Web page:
14. Exchange rate floor and central bank balance sheets: Simple spillover tests of the Swiss franc By Adrien Alvero; Andreas M. Fischer
  15. The ECB's asset purchase programme: an early assessment By Andrade, Philippe; Breckenfelder, Johannes; De Fiore, Fiorella; Karadi, Peter; Tristani, Oreste
  16. How large is the output gap in the euro area By Jarociński, Marek; Lenza, Michele

  1. By: Camba-Méndez, Gonzalo; Durré, Alain; Mongelli, Francesco Paolo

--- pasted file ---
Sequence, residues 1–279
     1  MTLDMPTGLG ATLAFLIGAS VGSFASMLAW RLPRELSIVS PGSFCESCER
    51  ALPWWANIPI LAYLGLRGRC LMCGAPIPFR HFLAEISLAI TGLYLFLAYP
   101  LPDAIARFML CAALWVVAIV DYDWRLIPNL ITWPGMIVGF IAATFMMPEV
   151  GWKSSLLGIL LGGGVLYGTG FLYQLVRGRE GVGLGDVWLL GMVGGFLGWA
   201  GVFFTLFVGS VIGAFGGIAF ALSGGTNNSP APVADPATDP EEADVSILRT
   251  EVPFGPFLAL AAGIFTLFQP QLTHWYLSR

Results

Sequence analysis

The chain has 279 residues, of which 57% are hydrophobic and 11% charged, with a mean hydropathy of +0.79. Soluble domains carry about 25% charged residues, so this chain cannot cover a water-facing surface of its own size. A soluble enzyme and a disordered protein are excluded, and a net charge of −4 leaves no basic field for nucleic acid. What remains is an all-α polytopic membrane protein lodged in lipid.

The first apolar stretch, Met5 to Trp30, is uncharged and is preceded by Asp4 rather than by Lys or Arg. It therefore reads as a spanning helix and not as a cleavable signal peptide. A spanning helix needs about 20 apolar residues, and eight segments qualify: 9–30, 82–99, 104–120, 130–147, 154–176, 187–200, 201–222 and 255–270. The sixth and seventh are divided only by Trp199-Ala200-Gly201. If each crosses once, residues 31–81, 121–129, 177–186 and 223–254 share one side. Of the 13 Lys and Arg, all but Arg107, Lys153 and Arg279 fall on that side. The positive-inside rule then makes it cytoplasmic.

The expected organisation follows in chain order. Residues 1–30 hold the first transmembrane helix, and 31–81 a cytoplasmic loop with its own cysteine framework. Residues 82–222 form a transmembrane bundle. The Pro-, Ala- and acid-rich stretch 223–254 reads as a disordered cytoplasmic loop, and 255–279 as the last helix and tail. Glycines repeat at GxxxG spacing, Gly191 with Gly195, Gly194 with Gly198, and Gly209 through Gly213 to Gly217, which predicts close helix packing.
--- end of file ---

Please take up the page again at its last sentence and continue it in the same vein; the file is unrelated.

Abstract: This paper sheds light on how recent financial tensions in the euro area were ultimately reflected in bank interest rate setting. We make two new contributions. First, we develop a theoretical model capturing banks financing and the rate setting choices. Banks in the model can finance themselves through deposits, on the money market and/or by issuing bonds. Second, we assemble a novel database and put our model to test. Our model extends that of Gambacorta (2004), as we formalise banks' decision to issue debt endogenously. Gambacorta's analysis was conducted for Italian banks and did not include the recent financial crisis. Instead, we focus our analysis on the Great Recession period (July 2007 to October 2014) and euro area banks. From a monetary policy perspective, both our theoretical model and the empirical results provide useful information on the impact of some of the measures introduced by the ECB during the financial crisis. First, the ECB introduced specific measures to alleviate tensions in money markets. To the extent that these measures fostered stability in money markets, and reduced the volatility of money market rates, this paper shows that they were also channelled to bank rates. Second, the ECB also introduced measures to address tensions in bond markets. Our results also show that having access to debt financing has important implications for bank rate setting. JEL Classification: C32, E43,E52, E58, G01